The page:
No crisis in modern times has shattered the aviation business model as much as the coronavirus pandemic. That’s because no previous crisis has undermined corporate travel — a major profit center of the airline industry — as much as Covid-19.
In 2020, the Global Business Travel Association reported that almost three-quarters of its member companies canceled or suspended domestic business travel, and 93% canceled or suspended international travel. Corporate bookings plummeted 85% last year and remain around the same level in 2021.
One reason business travel matters so much: The average premium-cabin booking produces 4.3 times more revenue than a typical leisure booking. In a normal year, corporate travel accounts for more than half of airline earnings and nearly a third of total airline revenue in major economies like the United States, according to an analysis of Airlines Reporting Corp. data. This is despite the fact that executives and other high-yielding passengers make up only 9% of the flying public.
Passengers travelling. (Photo: Getty Image)
At the same time, international travel has also evaporated, down more than 80% for much of last year. Even with 60% of US air travel being domestic, US airlines are unlikely to make a full comeback as long as Covid-19 necessitates cross-border restrictions on entry and quarantining. In most cases, carriers outside the US are feeling the loss of cross-border travel even more.
With lower-yielding domestic leisure travelers making up a higher portion of traffic, margins will continue to be squeezed across the board for the next several years. In 2021, multibillion-dollar losses are expected again. The International Air Transport Association has estimated 2021 losses around $38.7 billion for global airlines. That compares with losses of $118.5 billion in 2020.
Coming out of the crisis, the dominance of domestic leisure travel has meant airlines need to prioritize that segment of customer. That’s easy for low-cost carriers, which have always focused on price-sensitive leisure travelers. But it has required full-service airlines to employ new tactics as they try to backfill the hole that the cutback in corporate and international travel has created.
One tactic commonly used by low-cost carriers that is being tried by full-service airlines involves adding point-to-point flights opportunistically based on the latest demand trends. Recent new point-to-point additions by full-service airlines connect midsize cities like Austin, Milwaukee, Pittsburgh and Columbus with sunny destinations popular during the pandemic, such as Pensacola, Fort Meyers and Orlando, Florida, as well as to other midsize cities via nonstop flights.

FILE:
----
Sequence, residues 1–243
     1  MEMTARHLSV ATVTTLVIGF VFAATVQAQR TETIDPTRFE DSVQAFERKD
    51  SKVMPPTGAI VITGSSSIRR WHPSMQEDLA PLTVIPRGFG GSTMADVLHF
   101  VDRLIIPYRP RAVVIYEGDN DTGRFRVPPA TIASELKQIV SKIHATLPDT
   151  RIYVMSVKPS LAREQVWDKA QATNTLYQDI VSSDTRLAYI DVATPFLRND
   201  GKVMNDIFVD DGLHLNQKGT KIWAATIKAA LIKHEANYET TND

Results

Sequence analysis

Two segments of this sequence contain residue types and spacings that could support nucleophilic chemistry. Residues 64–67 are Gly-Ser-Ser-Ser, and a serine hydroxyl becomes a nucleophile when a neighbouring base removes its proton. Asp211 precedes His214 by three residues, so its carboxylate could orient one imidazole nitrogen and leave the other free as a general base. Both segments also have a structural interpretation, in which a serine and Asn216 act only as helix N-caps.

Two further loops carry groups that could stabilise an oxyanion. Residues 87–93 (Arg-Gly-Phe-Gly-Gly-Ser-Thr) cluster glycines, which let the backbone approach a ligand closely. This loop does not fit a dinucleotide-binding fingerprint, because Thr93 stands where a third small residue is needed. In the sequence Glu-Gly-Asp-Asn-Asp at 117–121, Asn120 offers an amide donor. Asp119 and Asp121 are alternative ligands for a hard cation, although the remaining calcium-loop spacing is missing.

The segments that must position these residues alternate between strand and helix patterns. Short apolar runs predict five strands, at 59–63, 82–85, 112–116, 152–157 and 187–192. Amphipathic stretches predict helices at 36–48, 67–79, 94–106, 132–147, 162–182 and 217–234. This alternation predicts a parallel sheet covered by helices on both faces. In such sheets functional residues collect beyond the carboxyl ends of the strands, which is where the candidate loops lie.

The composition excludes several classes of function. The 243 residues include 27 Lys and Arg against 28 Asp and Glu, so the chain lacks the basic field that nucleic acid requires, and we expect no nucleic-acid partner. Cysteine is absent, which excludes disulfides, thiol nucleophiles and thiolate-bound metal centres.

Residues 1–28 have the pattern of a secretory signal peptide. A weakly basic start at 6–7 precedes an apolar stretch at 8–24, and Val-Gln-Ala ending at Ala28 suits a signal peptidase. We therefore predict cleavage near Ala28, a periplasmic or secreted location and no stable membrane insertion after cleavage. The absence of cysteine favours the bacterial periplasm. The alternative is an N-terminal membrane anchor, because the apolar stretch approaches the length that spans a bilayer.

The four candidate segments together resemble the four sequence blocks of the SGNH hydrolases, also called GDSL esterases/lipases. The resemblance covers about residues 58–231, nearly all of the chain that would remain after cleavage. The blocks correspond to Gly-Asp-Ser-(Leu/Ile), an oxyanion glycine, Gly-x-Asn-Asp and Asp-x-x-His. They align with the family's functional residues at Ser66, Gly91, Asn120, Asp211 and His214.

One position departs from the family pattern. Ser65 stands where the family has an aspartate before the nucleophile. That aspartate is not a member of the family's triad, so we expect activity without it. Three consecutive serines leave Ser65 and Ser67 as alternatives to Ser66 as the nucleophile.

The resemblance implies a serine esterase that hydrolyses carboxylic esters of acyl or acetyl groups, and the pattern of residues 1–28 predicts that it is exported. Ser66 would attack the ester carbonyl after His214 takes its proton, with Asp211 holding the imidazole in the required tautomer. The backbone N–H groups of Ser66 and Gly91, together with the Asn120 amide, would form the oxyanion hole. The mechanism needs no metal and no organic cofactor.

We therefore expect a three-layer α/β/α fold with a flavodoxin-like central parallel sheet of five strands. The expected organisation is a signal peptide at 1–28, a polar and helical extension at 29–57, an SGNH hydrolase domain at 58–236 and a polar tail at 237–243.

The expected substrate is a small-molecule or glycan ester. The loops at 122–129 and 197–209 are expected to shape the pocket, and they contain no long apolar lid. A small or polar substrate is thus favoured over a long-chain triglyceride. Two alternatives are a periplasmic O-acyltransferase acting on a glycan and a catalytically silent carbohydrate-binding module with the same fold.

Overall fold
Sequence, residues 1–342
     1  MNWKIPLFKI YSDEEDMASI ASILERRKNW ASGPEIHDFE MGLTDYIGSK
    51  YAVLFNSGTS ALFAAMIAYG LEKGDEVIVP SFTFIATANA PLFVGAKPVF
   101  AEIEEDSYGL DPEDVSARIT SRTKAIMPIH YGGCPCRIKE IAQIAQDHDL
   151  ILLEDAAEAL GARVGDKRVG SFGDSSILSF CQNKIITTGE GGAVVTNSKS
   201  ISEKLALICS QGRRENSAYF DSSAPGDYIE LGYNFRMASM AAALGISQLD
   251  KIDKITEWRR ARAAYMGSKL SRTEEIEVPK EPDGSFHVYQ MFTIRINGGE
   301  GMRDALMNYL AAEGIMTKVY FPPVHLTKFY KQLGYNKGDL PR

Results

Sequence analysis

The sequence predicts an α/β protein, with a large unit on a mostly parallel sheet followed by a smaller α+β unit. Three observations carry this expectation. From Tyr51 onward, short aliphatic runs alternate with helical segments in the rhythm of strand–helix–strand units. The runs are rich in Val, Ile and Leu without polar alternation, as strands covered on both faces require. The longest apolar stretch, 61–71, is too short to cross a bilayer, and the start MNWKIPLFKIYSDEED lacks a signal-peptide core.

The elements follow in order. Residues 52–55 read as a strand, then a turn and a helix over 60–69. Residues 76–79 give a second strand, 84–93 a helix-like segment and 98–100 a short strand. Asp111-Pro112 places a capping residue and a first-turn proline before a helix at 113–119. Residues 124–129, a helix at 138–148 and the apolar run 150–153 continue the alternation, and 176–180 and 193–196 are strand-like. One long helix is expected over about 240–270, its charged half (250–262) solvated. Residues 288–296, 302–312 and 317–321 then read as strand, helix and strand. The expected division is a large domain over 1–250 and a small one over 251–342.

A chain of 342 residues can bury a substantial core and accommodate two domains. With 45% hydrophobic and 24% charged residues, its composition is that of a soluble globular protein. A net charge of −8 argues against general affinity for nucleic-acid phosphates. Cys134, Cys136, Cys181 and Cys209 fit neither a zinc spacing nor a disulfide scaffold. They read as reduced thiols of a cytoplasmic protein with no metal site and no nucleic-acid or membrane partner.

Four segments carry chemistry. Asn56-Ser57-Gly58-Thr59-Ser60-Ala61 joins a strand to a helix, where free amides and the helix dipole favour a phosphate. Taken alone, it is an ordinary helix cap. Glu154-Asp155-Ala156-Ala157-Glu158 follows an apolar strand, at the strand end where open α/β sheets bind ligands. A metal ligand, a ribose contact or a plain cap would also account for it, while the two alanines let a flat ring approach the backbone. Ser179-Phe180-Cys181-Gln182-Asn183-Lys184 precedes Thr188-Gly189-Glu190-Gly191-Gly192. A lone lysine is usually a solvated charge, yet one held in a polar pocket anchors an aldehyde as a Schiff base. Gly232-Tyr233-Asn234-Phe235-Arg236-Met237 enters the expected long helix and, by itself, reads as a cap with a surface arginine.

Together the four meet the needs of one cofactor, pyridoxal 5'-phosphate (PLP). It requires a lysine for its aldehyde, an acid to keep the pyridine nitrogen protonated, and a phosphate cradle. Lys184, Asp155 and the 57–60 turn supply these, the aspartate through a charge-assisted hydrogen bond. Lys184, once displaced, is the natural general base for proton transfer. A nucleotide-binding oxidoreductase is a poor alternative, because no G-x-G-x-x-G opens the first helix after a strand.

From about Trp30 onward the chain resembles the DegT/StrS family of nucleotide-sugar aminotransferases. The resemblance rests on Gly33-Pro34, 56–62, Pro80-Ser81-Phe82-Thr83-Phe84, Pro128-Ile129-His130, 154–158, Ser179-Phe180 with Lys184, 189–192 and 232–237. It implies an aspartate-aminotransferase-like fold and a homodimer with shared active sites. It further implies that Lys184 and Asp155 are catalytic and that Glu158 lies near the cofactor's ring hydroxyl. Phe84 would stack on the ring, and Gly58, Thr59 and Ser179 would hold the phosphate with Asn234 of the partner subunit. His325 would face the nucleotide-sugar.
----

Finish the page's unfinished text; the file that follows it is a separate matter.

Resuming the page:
To attract well-off leisure travelers, full-service carriers are also tweaking business fares. Instead of offering only a premium product at a premium price, they are starting to sell more services ‘a la carte’ aimed at a broader customer base less willing to pay for extras, such as additional checked baggage, access to a carrier’s airport lounge, upgrades to first class, free cancellations or changes and extra frequent flier points.
The expedited vaccination pace in the United States would suggest most employees will be back in the workplace sometime this year, and it’s likely we will see a gradual return of corporate travel at that point. But the ascendance of remote work technologies such as videoconferencing may impede or at least slow a full recovery of business travel, particularly when it comes to internal travel between company sites. It will also take time before in-person conferences and trade fairs start in earnest — another popular motivation for a business trip.
International travel recovery must wait on various governments to remove travel restrictions that require quarantining and negative Covid tests or prohibit entry altogether. Here is where expanded use of vaccine passports could speed up the reopening of travel assuming countries can agree on their adoption and format. Still, the uneven distribution of vaccines and widespread outbreaks of Covid-19 variants mean various destinations will be on very different trajectories. As a result, we do not anticipate a full recovery of international travel until 2024.
More so than any previous crisis, pandemic or recession, Covid-19 will leave its mark on the industry with the delayed comeback in corporate and international travel putting pressure on airline profitability for the next several years.
Nguyen Xuan Nghia – COMM